44. When in bone marrow, the nucleated red cells present in Color Plate 21 would be staged as A. Basophilic normoblasts B. Polychromatophilic normoblasts C. Orthochromic normoblasts D. Pronormoblasts 45. When acanthocytes are found on the blood smear, it is usually the result of A. Abnormal membrane permeability B. Altered membrane lipids C. Mechanical trauma D. Polymerization of hemoglobin molecules 46. Which erythrocyte metabolic pathway generates adenosine triphosphate (ATP) via glycolysis? A. Embden-Meyerhof B. Hexose monophosphate C. Rapoport-Luebering D. Methemoglobin reductase 47. Which of the following red blood cell precursors is the last stage to undergo mitosis? A. Pronormoblast B. Basophilic normoblast C. Polychromatophilic normoblast D. Orthochromic normoblast 48. The major adult hemoglobin requires the synthesis of alpha-globin chains and A. Beta-globin chains B. Delta-globin chains C. Epsilon-globin chains D. Gamma-globin chains 49. Defective nuclear maturation commonly results in the production of red cells that are A. Normocytic B. Hypochromic C. Macrocytic D. Microcytic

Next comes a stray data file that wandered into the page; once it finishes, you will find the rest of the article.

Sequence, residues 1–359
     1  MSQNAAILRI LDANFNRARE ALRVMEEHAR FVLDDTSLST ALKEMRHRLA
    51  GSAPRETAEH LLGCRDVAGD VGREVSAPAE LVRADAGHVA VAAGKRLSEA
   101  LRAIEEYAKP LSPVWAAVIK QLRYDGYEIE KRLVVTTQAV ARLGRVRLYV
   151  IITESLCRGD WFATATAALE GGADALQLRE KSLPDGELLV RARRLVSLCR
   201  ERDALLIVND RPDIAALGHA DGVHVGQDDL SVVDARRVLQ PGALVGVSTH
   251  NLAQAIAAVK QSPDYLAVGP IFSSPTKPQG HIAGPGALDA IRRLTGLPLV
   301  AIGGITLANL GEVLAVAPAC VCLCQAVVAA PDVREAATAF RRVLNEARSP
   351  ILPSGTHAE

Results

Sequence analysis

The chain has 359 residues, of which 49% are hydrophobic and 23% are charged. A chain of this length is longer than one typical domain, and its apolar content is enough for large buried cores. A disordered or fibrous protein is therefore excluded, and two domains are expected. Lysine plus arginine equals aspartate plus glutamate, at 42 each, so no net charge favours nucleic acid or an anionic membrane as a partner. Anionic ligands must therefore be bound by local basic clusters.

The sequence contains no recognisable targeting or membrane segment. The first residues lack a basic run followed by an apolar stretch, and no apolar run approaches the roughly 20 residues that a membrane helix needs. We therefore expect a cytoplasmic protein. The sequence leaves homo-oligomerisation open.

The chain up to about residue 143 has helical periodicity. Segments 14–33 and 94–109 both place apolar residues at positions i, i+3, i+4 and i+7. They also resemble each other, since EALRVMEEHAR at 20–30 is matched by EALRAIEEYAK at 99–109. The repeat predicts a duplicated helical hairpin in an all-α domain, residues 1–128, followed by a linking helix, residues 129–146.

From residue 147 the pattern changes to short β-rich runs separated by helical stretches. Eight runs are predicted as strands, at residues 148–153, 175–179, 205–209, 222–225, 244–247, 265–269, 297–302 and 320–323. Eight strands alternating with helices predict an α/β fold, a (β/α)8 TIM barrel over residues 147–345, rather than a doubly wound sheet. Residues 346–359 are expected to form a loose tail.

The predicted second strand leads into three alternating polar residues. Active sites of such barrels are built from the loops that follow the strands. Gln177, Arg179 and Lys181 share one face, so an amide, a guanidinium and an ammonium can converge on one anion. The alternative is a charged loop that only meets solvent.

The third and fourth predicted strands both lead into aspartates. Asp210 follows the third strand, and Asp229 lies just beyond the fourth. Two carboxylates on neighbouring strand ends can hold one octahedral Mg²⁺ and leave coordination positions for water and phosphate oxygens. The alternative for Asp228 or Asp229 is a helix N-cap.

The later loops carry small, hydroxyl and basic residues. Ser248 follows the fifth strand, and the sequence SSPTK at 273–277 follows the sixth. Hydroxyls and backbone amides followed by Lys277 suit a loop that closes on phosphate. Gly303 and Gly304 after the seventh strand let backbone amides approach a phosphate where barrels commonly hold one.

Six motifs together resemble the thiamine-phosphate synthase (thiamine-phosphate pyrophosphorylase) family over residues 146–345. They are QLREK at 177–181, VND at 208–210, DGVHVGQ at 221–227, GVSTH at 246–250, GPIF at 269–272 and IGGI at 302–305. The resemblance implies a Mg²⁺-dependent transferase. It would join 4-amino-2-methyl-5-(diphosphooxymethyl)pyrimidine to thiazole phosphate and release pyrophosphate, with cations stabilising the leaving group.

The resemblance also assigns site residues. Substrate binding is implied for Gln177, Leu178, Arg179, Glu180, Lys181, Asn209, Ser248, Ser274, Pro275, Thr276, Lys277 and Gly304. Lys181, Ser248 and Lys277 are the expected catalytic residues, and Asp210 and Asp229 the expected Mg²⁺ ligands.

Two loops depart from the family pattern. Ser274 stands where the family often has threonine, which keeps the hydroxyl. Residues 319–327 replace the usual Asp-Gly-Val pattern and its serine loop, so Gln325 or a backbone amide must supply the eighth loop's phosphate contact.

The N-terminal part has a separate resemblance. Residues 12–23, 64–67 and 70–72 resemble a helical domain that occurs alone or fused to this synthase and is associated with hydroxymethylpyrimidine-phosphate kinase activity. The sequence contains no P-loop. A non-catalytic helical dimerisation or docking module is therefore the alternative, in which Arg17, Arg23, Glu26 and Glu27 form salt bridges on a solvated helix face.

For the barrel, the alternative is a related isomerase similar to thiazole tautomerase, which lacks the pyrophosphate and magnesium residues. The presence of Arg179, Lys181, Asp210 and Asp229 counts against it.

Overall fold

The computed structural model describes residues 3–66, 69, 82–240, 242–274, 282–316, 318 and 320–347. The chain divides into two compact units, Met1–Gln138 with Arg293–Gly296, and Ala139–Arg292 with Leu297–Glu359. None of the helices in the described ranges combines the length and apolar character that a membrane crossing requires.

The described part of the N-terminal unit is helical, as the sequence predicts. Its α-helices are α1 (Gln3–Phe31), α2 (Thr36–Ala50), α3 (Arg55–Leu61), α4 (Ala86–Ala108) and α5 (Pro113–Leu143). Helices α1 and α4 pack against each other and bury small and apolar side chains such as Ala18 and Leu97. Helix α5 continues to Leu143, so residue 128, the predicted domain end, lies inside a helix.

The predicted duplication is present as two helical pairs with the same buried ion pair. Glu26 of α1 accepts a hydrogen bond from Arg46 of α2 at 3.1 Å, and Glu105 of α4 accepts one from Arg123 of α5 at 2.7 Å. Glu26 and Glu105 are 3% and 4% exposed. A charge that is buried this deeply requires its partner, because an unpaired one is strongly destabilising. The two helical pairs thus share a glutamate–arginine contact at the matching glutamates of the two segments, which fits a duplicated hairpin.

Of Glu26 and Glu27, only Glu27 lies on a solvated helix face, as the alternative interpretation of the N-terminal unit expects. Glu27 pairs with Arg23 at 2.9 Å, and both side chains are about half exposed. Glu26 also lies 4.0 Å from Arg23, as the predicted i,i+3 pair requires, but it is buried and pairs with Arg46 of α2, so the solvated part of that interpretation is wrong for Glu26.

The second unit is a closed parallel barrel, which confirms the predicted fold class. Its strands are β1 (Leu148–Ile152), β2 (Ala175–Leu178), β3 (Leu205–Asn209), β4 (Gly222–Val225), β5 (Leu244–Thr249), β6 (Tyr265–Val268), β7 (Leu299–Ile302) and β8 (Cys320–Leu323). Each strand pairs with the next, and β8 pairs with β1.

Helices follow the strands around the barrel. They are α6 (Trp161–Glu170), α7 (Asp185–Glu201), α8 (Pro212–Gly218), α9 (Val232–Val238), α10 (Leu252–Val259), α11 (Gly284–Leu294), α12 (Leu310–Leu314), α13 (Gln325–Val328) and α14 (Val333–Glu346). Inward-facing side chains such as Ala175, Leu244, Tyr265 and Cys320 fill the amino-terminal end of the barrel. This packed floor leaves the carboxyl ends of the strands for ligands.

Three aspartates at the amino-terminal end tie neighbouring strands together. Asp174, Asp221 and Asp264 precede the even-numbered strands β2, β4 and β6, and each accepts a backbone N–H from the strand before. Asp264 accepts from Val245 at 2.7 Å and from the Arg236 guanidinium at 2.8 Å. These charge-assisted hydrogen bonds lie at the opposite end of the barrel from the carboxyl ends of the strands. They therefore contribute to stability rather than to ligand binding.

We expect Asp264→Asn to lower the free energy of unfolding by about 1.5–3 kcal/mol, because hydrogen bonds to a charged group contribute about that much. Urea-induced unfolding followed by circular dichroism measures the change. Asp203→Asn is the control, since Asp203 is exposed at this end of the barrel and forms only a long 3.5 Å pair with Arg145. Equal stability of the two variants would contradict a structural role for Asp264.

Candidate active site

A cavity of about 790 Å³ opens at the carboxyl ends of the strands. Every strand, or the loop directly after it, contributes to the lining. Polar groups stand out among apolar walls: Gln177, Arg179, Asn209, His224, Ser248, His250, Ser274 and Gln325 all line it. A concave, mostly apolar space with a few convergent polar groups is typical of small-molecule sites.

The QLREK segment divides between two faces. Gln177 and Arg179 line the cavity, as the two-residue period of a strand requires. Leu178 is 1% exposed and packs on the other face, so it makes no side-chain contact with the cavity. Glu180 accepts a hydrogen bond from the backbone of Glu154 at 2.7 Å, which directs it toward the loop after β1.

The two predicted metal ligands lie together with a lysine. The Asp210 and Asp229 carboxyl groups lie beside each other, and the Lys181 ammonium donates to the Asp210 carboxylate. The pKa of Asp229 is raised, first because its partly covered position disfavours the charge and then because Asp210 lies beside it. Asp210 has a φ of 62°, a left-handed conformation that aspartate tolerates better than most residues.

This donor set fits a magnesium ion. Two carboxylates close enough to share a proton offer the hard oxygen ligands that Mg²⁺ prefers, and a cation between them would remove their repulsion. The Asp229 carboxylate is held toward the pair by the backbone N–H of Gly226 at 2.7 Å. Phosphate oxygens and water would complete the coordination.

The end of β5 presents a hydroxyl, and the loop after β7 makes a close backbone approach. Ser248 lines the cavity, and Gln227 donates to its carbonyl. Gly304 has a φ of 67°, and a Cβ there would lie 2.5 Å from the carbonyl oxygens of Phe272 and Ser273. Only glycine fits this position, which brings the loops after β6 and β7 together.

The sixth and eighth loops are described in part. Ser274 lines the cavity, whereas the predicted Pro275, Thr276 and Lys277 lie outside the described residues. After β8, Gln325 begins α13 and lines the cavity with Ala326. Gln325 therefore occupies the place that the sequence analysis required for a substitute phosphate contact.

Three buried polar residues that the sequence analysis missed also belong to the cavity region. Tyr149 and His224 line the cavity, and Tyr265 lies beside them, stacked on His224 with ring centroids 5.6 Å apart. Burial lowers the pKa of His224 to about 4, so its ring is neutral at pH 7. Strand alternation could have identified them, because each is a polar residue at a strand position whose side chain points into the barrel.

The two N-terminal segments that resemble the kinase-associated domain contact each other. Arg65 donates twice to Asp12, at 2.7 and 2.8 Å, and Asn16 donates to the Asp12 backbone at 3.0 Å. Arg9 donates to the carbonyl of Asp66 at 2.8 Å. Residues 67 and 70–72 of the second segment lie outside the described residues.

REVIEW QUESTIONS • 293
50. The major storage form of iron is A. Ferritin B. Transferrin C. Hemosiderin D. Hemachromatin 51. The red cells observed on a peripheral blood smear show extreme anisocytosis with an equal number of macrocytes and microcytes. Which of the following values correlate with this finding? A. MCV 108.0 fL, RDW 14.0% B. MCV 90.0 fL, RDW 25.0% C. MCV 75.0 fL, RDW 16.0% D. MCV 88.0 fL, RDW 12.0% 52. Excessive extravascular red cell destruction is associated with A. Hemoglobinemia B. Bilirubinemia C. Hemoglobinuria D. Hemosiderinuria 53. Which protein is primarily responsible for transport of hemoglobin dimers resulting from intravascular hemolysis? A. Hemopexin B. Albumin C. Hemosiderin D. Haptoglobin 54. The morphologic abnormality characteristically found in hemoglobinopathies is A. Elliptocytes B. Dacryocytes C. Codocytes D. Discocytes 55. Where do the early and late stages of heme synthesis occur? A. On ribosomes B. In mitochondria C. In cytoplasm D. In nucleoli